UK highlights perils to air traffic surveillance of growing wind turbine 'farms'

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By David Learmount in London

Air traffic surveillance can be severely degraded unless planners are required to consider aircraft safety

Wind turbines, especially many grouped in a wind farm, can wipe out the effectiveness of primary and secondary radar surveillance systems and radio navigation aids, says the UK Civil Aviation Authority. In a report, the agency calls on the government to require those responsible for siting wind turbines to consider aviation safety as well as other issues.

“The development of wind turbines has the potential to cause a variety of effects on aviation,” says the CAA report. “These range from physical safeguarding [turbines as tall obstacles], generation of unwanted returns on primary radar, affecting the performance and propagation of secondary surveillance radar [SSR], navigation aids and communication facilities, through to consideration of [air] turbulence. It should be noted that wind turbines do not in themselves cause electromagnetic interference.”

wind turbines

There are multiple ways in which wind turbines can interfere with radar surveillance, especially if they are in groups, in radar line of sight, and located within 28km (15nm) or less of the radar head. According to the CAA the types of interference include:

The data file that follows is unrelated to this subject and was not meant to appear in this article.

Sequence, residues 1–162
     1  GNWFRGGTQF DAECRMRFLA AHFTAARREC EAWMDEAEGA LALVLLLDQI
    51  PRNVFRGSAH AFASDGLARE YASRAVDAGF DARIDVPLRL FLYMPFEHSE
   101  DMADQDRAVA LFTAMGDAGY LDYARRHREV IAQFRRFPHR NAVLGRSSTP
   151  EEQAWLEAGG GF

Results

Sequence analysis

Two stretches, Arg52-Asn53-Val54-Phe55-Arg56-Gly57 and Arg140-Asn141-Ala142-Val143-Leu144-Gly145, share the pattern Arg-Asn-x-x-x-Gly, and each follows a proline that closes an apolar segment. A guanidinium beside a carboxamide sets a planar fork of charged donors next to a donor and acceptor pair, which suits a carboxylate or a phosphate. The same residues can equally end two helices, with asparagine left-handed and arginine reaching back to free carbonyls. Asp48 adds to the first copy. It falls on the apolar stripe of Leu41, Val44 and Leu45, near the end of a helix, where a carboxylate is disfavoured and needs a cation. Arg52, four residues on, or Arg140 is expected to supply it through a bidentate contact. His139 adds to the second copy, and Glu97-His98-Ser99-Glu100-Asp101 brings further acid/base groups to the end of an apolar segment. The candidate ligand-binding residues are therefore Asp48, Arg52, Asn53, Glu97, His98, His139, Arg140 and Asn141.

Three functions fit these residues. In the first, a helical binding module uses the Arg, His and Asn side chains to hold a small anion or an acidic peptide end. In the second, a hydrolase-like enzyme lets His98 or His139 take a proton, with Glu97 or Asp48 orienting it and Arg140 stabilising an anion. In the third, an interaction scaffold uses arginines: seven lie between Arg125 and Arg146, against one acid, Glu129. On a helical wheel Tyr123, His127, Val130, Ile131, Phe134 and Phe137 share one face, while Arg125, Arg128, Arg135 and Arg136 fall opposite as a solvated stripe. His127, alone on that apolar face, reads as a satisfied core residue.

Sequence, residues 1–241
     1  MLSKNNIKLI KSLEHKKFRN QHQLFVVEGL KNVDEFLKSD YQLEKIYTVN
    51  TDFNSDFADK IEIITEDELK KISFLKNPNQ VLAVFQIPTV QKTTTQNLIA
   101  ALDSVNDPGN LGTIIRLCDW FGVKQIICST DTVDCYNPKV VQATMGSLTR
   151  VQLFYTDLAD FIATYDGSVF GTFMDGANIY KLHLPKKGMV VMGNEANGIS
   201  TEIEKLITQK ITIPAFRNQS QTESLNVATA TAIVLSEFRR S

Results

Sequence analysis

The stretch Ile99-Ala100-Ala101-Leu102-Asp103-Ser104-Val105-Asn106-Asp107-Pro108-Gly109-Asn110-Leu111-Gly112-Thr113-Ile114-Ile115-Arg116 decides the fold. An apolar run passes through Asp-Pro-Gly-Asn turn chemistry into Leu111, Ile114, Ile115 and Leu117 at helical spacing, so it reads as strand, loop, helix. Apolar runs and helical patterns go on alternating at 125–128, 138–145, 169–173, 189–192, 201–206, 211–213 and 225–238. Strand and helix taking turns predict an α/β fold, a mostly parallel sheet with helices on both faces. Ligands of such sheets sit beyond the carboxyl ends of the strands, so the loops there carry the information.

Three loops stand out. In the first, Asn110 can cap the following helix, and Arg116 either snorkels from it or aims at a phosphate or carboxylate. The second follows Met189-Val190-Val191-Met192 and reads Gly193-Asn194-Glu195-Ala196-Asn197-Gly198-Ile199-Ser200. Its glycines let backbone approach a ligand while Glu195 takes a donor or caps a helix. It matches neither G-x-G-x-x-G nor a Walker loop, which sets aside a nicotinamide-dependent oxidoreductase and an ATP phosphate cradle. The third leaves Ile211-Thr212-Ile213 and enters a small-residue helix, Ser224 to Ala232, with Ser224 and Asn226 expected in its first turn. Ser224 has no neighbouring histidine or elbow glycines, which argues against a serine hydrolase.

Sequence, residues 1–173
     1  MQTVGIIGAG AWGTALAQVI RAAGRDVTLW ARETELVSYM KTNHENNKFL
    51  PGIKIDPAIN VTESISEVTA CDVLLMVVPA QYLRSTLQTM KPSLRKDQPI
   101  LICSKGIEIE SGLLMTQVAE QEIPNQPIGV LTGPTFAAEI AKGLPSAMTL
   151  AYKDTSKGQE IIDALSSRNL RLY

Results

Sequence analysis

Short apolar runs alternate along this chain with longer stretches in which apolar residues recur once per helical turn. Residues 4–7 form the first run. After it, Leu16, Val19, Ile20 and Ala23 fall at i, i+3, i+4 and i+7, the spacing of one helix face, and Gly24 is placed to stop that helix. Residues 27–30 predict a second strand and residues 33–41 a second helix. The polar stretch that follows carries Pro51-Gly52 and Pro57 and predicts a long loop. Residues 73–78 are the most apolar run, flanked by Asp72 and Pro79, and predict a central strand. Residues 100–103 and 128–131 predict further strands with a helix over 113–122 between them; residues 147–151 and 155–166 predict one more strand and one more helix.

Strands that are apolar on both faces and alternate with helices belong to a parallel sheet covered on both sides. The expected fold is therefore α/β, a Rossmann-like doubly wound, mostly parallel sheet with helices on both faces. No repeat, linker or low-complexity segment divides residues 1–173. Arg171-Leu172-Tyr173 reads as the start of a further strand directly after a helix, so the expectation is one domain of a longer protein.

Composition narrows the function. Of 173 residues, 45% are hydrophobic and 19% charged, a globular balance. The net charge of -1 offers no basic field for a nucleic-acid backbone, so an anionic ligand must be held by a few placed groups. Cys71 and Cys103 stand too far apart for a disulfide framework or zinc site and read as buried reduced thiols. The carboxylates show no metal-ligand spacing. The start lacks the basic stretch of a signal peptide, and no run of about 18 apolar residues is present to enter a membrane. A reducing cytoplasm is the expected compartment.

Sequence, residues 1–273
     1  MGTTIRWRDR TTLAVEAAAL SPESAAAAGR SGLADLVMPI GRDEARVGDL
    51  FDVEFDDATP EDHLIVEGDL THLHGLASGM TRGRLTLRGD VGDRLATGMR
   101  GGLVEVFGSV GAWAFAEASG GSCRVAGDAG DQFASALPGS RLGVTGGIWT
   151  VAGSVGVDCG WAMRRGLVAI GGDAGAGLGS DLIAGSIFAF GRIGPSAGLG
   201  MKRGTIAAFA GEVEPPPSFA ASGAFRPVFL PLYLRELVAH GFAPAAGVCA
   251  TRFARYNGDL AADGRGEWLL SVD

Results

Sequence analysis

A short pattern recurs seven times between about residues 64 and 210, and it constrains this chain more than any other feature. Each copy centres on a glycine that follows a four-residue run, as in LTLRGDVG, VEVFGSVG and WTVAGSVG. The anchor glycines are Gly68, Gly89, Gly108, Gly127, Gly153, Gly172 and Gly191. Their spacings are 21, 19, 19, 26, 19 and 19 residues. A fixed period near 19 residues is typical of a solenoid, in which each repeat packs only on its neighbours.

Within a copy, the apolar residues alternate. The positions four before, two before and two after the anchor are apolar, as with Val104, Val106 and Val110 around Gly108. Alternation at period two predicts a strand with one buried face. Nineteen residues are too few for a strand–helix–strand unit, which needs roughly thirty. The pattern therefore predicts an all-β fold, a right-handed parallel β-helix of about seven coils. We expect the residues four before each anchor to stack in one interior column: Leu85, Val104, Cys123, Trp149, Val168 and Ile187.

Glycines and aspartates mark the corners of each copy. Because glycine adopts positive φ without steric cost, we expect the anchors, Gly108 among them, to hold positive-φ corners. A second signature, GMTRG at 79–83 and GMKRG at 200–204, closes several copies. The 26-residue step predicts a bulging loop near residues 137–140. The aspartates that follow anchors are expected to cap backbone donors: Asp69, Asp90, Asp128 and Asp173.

• Swamping the receivers: this refers to primary radar, and occurs when “the bulk of the wind turbine structure may reflect sufficient energy to swamp any reflected energy of aircraft in the same area”.
  • Defeating moving target processing: “If the rotating wind turbine blades are within or close to the radar line of sight, then the Doppler shift in reflected energy from the blades may defeat any moving target processing and display the blades as targets or tracks that could be mistaken for aircraft.”
  • Presenting an obstruction: “If the wind turbines are within radar line of sight and aircraft are required to be detected at longer range behind the wind turbines then the following two effects may occur: obstruction – aircraft detection is lost in the shadow of the wind turbines; and diffraction – partial obscuring of the aircraft radar reflections by the wind turbines causes azimuth errors at the radar [so] the aircraft can be displayed in a skewed position, or appears to jitter in position as it passes behind multiple blades.”
  • SSR reflections: “SSR energy may be reflected off the structures in both the uplink and downlink directions. This can result in aircraft, which are in a different direction to the way the radar is looking, replying through the reflector and tricking the radar into outputting a false target in the direction where the radar is pointing – in other words, at the obstruction.”
  • Navigation aid signal effects: depending on the relative position of the wind farm, it “can affect the propagation of the radiated signal from instrument landing systems. As a result, the integrity and performance of these systems can be unacceptably degraded.”

The CAA says it is researching all these effects more closely and will promulgate further advice.